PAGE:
A week or so ago, my good friend Bobby threw out “One Big Question”…
Where is your favorite spot,
what is your favorite activity to seek God?
Like the faithful blog companion that I am, I’ve been meaning to follow through with a response, but I knew that my answer would have to be a blog post of its own. In fact, it will probably end up being two… or three… or maybe four posts, because as I read it more than one question is being asked. That’s how I took it anyway, and judging from the other folks’ responses people did whatever the heck they wanted with the question(s).
Speaking of what the others had to say, many of the things mentioned certainly would have been on my list as well. Meals with friends. Alone with a cup of coffee. Praying with others. And yes, even empty school parking lots.
Yet my favorite spot is found between the pages of a book. As I’ve explained elsewhere, it isn’t just any old book that will do. No, my preference is for the sort of book that “makes demands of me.” And the kind of demanding books that I appreciate most are the ones that plumb the depths of who God is or what he has done and is doing in the world. Or books about His people are and what they are to do in the world.
True confessions time… I said that I wouldn’t discuss a certain book here, but if you want my most honest response to it, here goes…
I thought it was boring.
I know it was meant to be all controversial and revolutionary and all that. But it just didn’t do much for me. It wasn’t that I was bothered by what he was saying. There were tons of things he said that I thought were fine things to say. And a few that were not. My main problem was that it just wasn’t all that interesting… for me.
Now, the guy who wrote it isn’t uninteresting. I’ve heard his preaching and he is far from boring. In fact, entertaining is his long suit. And yet, sadly our culture has gotten so muddled in its thinking that we have confused being engaging with being right. Something stated with enough rhetorical flair or with “authenticity” is passed off as truth, while writing that explains complicated truths with precision doesn’t tend to be very well-received. It is the old form over content dilemma. Naturally, one would love to have both. But having both is very, very rare.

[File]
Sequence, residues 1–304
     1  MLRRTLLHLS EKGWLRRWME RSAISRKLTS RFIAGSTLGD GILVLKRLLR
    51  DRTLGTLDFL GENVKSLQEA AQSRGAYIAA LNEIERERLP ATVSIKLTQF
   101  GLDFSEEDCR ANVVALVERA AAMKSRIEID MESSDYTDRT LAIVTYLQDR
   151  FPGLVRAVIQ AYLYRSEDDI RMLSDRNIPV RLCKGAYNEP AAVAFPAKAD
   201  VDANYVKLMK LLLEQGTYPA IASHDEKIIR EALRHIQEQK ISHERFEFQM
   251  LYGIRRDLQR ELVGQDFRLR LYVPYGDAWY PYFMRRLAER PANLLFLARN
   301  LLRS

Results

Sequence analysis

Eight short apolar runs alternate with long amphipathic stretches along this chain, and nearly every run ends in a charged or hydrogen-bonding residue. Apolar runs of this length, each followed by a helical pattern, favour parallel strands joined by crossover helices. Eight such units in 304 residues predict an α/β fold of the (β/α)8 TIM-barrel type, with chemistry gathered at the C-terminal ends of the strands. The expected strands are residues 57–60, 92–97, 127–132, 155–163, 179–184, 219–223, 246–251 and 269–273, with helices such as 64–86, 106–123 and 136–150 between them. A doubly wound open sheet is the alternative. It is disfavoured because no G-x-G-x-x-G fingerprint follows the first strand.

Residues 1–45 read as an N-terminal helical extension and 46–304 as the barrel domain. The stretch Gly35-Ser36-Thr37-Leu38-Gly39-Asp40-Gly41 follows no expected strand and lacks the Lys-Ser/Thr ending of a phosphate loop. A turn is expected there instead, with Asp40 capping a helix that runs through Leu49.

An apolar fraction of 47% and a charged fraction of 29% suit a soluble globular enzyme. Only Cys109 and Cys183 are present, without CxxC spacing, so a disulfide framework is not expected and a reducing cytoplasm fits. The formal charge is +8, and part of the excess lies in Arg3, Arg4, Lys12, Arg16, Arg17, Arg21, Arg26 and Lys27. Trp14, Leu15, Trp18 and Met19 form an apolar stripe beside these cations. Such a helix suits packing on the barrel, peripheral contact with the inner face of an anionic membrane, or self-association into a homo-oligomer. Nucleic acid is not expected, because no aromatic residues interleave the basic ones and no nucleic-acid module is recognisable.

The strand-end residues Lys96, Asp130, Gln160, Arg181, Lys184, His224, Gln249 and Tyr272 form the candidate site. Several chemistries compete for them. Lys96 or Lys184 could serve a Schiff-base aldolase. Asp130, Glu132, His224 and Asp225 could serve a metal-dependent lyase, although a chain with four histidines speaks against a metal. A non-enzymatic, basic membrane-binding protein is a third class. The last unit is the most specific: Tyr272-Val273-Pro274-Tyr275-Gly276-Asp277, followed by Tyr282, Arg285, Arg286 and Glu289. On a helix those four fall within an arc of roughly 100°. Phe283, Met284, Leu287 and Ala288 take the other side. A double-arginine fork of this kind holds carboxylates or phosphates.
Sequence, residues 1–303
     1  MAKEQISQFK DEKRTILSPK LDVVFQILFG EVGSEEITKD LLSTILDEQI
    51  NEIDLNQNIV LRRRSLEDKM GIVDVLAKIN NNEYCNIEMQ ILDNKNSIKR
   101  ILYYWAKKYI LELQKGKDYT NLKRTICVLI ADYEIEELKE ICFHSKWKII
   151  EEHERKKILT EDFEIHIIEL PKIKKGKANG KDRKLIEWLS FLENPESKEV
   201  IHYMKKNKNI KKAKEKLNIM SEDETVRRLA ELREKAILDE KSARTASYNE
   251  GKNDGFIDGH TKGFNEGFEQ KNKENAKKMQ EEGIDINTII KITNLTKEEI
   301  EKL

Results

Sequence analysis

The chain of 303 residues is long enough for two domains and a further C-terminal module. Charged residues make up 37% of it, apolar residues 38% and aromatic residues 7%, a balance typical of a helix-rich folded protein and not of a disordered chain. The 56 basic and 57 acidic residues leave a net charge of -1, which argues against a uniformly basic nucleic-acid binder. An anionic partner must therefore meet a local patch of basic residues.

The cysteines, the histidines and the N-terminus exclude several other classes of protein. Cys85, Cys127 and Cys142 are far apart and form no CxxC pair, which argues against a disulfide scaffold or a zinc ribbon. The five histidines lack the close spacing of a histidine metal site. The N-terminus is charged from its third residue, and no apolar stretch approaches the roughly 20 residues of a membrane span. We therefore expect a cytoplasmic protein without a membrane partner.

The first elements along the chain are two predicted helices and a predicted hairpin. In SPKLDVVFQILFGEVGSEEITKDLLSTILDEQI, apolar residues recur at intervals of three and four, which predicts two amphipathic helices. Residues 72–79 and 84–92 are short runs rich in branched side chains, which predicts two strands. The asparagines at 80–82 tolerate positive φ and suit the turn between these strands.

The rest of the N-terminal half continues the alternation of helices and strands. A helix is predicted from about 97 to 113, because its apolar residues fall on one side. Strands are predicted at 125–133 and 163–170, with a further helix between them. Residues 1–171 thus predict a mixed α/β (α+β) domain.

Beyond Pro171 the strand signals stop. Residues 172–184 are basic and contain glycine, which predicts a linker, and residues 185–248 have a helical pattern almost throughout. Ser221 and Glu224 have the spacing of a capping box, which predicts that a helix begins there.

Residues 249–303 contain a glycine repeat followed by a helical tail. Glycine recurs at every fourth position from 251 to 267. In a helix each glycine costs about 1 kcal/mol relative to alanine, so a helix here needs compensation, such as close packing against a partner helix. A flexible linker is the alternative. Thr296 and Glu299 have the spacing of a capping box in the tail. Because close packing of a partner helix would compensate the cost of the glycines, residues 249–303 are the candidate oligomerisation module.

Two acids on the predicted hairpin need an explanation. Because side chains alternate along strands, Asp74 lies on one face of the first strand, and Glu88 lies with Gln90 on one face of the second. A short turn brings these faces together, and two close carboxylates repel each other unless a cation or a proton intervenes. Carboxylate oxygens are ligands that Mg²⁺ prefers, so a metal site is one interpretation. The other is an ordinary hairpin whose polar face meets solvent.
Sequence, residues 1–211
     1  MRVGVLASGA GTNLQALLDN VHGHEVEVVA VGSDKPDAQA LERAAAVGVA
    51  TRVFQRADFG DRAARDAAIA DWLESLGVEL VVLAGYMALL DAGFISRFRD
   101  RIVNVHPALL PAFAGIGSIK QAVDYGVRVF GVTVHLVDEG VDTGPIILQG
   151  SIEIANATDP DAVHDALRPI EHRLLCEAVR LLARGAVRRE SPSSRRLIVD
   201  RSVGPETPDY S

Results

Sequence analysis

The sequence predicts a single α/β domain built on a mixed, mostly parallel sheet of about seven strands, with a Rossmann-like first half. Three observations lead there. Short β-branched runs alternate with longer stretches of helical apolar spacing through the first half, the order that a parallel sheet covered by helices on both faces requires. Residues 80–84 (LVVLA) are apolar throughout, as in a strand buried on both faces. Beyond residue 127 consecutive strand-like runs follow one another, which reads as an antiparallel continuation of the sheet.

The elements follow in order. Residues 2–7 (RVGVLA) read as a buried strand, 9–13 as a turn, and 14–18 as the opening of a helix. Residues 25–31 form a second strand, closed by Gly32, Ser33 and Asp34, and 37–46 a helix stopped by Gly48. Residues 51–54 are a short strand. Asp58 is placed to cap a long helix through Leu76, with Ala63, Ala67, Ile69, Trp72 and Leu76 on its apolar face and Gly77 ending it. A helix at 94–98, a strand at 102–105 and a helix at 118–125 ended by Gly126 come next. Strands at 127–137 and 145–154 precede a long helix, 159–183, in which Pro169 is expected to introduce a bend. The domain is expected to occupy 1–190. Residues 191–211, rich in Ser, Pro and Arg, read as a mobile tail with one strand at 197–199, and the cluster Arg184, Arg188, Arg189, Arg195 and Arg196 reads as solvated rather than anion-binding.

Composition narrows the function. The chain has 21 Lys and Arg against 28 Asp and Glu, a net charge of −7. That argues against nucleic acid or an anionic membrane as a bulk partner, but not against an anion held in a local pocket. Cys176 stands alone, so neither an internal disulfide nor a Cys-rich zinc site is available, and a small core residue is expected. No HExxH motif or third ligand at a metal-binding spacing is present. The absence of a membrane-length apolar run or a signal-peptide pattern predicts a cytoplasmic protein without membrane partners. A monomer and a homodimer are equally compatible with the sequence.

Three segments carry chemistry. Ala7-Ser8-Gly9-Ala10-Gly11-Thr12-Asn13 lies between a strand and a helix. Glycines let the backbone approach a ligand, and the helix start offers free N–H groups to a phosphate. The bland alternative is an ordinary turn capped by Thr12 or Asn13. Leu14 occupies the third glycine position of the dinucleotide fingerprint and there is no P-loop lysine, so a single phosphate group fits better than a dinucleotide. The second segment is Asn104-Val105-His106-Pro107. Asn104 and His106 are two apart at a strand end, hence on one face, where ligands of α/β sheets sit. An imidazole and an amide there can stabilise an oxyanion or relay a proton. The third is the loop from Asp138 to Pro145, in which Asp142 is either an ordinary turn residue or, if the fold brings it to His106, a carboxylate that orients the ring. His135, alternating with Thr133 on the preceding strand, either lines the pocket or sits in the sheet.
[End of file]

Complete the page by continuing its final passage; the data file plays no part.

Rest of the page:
I understand that what constitutes a “good read” is a fairly subjective thing. I am regularly reminded that the books I find most engaging would cause others to fall asleep two paragraphs in. None of that changes the fact that the “love” book joins the long list of books in the pop theology category.
These are the sorts of books that show a surface level understanding of the Scriptures, almost no appreciation for the history of theology, a lack of awareness of the interpretive tradition in which they are situated, or that they stand within an interpretive tradition at all.
Therefore, I find it refreshing whenever I come across a book that is so clearly not that. And over the past few weeks, just such a book has afforded me this pleasure. But since I’m drawing perilously near my self-imposed post length limit, sharing about this “life-giving” book will have to wait.
Instead, I’ll let my old friend C.S. Lewis wrap-up how I feel about my “favorite spot.”
For my own part, I tend to find the doctrinal books often more helpful in devotion than the devotional books, and I rather suspect that the same experience may await others. I believe that many who find that ‘nothing happens’ when they sit down, or kneel down, to a book of devotion, would find that the heart sings unbidden while they are working their way through a tough bit of theology with a pipe in their teeth and a pencil in their hand.
C. S. Lewis, quoted in R. L. Green and W. Hooper, C. S. Lewis: A Biography (New York, 1974), page 115. (HT: Ray Ortlund)